New York Yankees fans are sick and tired of holding onto their butts whenever Aroldis Chapman enters the game in the ninth inning. Non-Yankees fans will likely look at Chapman’s numbers and call every critic a whiny complainer, but like we said, the eye test is also a thing.
Chapman is erratic in just about every way you can imagine. He frequently enters games with no accuracy and diminishing velocity before dialing it up against the fourth batter he faces after he already allows multiple baserunners.
Yankees fans saw the warning signs in his game despite the 0.00 ERA through his first 12 outings. And we’re here to inform you the fans were right again.
Over his last four outings, Chapman has looked awful, surrendering an earned run each time he took the mound. That’s brought him to a 2.63 ERA, 3.81 FIP and 1.46 WHIP on the year.
On Tuesday night, Chapman recorded the “save” but made it as difficult as humanly possible against the lowly Baltimore Orioles. After getting the first two batters out, Chapman allowed three straight hits to the bottom of the lineup, which put the O’s within a run.
Thankfully, he got Cedric Mullins to pop out to end the game, but the damage was already done. What was supposed to be a stress-free win with Aaron Judge stealing the headlines turned into a near-laugher because Chapman is once again entering dangerous territory.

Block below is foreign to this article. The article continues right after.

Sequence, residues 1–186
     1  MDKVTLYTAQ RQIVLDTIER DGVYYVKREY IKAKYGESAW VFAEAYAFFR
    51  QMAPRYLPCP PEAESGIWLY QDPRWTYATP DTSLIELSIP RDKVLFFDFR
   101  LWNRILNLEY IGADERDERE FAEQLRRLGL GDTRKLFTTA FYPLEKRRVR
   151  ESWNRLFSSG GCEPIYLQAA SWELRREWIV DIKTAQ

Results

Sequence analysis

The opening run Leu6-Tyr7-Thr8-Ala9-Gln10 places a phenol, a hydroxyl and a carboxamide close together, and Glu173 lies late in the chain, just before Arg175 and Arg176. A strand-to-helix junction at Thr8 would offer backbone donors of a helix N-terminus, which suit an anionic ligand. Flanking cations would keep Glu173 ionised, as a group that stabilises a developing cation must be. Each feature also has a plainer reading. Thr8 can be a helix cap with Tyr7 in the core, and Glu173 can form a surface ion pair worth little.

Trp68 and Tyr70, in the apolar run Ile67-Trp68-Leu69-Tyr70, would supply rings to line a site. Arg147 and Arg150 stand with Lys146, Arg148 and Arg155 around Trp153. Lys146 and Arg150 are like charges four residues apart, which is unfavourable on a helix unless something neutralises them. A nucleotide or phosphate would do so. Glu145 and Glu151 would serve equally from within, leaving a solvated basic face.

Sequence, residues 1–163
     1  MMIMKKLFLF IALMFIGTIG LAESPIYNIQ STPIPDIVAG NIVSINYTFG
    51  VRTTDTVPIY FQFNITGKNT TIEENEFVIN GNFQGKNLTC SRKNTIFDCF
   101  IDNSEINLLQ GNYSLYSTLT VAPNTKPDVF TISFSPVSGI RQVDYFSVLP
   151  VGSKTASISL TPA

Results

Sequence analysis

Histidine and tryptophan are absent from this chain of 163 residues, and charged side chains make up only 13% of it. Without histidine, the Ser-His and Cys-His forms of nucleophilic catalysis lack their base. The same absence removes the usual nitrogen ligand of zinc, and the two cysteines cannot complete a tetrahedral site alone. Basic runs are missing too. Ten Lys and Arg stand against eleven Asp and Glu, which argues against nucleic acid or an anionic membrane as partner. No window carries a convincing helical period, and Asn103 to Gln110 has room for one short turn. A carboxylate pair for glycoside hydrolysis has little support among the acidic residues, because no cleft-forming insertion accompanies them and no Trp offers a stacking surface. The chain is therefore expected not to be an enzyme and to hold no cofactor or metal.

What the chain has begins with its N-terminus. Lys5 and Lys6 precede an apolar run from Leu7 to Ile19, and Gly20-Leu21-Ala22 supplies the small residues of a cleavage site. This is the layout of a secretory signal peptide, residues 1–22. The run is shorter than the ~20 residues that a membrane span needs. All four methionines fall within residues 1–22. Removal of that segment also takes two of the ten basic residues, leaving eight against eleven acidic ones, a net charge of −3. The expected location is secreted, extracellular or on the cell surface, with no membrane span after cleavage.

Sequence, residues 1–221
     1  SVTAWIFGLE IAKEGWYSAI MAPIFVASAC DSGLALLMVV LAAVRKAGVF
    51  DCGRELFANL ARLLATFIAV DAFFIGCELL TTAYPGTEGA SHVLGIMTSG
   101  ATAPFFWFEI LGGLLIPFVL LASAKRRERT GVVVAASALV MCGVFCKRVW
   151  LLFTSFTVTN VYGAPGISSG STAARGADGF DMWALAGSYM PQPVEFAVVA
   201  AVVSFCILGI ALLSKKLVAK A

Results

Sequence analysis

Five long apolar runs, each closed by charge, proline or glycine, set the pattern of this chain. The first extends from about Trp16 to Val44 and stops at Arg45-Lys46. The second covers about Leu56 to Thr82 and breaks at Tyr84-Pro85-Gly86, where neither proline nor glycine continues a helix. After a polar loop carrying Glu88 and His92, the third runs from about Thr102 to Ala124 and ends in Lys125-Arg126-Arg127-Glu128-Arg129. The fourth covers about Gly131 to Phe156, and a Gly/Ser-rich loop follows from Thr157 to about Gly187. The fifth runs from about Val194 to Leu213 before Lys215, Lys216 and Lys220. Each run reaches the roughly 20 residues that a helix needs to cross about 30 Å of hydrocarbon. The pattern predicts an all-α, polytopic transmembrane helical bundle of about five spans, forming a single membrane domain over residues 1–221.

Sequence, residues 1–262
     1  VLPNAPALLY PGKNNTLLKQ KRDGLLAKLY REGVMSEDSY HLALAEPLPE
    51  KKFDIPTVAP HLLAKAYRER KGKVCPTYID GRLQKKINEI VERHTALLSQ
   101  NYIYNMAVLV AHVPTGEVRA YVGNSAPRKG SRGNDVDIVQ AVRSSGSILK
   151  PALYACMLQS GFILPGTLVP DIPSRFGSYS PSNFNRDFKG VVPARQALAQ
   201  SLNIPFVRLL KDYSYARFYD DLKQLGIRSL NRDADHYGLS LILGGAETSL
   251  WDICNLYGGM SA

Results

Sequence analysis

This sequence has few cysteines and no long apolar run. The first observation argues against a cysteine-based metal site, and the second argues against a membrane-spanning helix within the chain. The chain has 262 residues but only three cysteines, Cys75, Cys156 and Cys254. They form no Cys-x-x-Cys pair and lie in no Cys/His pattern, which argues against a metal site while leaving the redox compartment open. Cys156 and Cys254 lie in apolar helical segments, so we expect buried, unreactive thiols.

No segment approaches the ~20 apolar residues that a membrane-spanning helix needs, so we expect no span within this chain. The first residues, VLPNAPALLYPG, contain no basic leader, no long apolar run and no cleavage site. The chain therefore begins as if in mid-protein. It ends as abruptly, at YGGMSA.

Yankees closer Aroldis Chapman is drawing the ire of fans more and more
After the game, Chapman’s teammates proved to be good guys by giving him the championship belt and anointing him the player of the game. While nice and all (hey, that’s good team chemistry!), it’s not going to change the fans’ growing frustrations.
Chapman has been the culprit in far too many high-profile Yankees losses, which indeed changes the narrative surrounding the left-hander despite his all-time numbers (315 saves, 1,017 strikeouts in 617.1 innings).
And now that he’s become a near replacement-level reliever these last two seasons? That’s understandably the final straw for someone making $16 million per year.
Chapman has sealed countless Yankees victories which have helped the team tremendously, but that shouldn’t blind you to his utter failures against some of the Yankees’ biggest rivals.
He owns a career 4.58 ERA and 1.45 WHIP against the Boston Red Sox and a 5.59 ERA and 1.81 WHIP against the Houston Astros. He’s just as bad against the Mets, too (5.12 ERA and 1.55 WHIP) and is totally OK against the Blue Jays (3.62 ERA and 1.17 WHIP).
Far too often, the numbers don’t truly describe how you’re about to rip your hair out watching fastballs fly into the backstop 10 feet over the catcher’s head or splitters being dropped over the heart of the plate for the opposition to tee off on.
The fan outrage is here to stay until Chapman proves he won’t be a liability in the Yankees’ possible final attempt at a World Series with this current core.
The silver lining, if we can even call it that? Whether he orchestrates another postseason exit or not, Yankees fans won’t ever have to see him again after he hits free agency in November.